If any good were to come out of this debate, it would be that the Minister might focus on the implementation aspect. The strategy is probably sufficient. I apologise for exceeding my time but it was not brought to my notice.
I welcome the Minister of State to the House, particularly when we are supporting this worthy motion. I have the greatest admiration for people with disabilities, people in wheelchairs and people who are living independently. We should do everything in our power to protect them. I spent about seven years back in the 1980s raising money for the Irish Wheelchair Association doing walks in the Holly Land. I personally raised more than £50,000 at the time and was delighted to have done so. Given all that, I have a personal affinity with all these people who unfortunately are confined to a wheelchair.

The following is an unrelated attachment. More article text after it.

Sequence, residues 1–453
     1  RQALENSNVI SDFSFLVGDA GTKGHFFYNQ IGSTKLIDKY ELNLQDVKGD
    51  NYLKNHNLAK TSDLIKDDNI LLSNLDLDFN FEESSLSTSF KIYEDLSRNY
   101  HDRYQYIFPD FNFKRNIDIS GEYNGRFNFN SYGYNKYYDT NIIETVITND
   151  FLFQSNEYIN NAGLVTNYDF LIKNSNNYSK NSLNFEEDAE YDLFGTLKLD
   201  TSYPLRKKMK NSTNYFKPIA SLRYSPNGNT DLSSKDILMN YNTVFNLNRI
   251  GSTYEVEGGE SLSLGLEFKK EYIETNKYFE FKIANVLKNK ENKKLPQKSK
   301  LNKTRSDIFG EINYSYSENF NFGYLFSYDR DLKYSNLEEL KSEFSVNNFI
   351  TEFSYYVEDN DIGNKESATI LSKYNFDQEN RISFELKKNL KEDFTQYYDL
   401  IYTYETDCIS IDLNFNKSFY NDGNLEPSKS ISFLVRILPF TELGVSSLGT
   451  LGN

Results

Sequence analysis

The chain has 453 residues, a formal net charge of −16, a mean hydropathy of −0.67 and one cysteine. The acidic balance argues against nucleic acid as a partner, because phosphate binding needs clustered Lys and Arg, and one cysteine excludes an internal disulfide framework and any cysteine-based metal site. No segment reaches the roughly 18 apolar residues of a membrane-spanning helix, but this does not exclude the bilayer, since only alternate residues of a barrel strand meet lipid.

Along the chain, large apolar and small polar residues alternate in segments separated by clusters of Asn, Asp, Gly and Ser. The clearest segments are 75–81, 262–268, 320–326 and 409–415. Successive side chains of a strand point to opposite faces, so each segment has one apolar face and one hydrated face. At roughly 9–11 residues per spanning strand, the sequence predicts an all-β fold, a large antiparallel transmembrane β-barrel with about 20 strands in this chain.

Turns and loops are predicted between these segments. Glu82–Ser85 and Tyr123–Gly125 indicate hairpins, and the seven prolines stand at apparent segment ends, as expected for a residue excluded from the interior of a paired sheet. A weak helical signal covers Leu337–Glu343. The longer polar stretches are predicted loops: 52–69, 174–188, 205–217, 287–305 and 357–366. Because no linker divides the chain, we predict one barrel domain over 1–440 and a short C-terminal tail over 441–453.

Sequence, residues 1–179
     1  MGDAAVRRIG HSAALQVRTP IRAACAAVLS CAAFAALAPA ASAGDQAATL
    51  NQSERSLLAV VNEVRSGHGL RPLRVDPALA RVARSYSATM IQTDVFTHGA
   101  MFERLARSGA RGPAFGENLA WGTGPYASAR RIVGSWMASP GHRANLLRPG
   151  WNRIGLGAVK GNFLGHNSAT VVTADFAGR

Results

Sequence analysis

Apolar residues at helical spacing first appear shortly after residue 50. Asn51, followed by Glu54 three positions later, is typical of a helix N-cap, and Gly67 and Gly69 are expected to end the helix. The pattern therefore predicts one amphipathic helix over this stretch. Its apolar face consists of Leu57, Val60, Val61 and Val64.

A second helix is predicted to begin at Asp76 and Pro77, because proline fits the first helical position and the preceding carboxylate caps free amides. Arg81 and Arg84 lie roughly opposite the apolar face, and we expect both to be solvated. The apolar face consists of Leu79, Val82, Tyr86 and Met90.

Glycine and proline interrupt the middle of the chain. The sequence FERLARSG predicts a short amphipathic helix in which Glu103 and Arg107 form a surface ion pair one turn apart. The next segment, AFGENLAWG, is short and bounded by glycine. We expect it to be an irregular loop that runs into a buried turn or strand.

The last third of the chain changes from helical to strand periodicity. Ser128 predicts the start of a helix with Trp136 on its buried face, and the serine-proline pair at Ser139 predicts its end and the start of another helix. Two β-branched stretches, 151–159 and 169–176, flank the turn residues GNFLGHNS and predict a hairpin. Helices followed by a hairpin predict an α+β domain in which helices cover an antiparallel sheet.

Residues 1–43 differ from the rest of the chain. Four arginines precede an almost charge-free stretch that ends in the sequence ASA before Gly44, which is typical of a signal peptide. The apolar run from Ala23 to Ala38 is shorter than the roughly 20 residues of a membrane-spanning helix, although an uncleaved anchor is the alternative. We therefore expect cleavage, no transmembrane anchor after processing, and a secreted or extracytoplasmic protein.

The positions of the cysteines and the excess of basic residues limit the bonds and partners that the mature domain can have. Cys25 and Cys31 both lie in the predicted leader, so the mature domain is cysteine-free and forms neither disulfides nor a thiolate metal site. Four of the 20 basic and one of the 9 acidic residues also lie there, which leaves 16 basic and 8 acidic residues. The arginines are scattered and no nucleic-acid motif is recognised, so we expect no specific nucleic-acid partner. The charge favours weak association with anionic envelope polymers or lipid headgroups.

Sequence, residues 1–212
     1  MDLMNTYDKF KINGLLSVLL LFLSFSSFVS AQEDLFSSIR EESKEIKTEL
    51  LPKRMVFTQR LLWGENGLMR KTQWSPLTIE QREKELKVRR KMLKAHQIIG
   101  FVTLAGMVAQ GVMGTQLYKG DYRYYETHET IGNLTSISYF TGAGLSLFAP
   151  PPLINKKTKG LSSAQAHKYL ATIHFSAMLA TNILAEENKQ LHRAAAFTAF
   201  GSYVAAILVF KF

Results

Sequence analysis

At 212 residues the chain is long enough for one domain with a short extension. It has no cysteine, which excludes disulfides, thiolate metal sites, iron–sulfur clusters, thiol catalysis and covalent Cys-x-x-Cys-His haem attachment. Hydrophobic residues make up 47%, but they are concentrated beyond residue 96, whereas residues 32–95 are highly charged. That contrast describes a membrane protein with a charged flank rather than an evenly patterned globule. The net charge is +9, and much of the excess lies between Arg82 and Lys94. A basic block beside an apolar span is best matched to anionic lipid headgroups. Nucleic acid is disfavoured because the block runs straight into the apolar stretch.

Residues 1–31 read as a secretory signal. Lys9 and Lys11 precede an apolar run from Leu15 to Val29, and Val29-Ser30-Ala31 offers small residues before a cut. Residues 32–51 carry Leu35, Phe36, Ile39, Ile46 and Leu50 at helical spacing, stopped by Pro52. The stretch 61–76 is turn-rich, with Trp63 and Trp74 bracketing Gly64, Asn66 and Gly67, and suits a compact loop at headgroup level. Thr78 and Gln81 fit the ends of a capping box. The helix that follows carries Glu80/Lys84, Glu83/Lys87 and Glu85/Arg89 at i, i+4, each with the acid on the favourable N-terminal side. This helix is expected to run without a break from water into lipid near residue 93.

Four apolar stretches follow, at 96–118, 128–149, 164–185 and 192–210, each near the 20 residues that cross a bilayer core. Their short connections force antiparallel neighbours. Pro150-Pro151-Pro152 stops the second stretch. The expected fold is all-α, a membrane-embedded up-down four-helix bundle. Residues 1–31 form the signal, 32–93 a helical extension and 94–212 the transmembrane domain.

I know Tom Chambers in Mayo and he does a great deal of good work related to disability access to public buildings. Unfortunately, there are still many public buildings that have decided not to do anything to cater for people with disabilities. There are many banks to which access can only be gained by climbing up steps - I know of a few of them. I know Tom Cunningham in Gurteen in County Sligo. Tom is wheelchair bound and he goes to my town to play cards every Tuesday night. He is living independently and does everything a normal person does. I also know the one and only Mary Ganley who works in Roscommon with the disability service and she does an amazing job and deserves a great deal of credit. I have known Mary since I was growing up when we used to go dancing in the Casino in Castlerea and Mary was out on the middle of the floor in her wheelchair jiving. I would say if the Casino was still going Mary would be still going.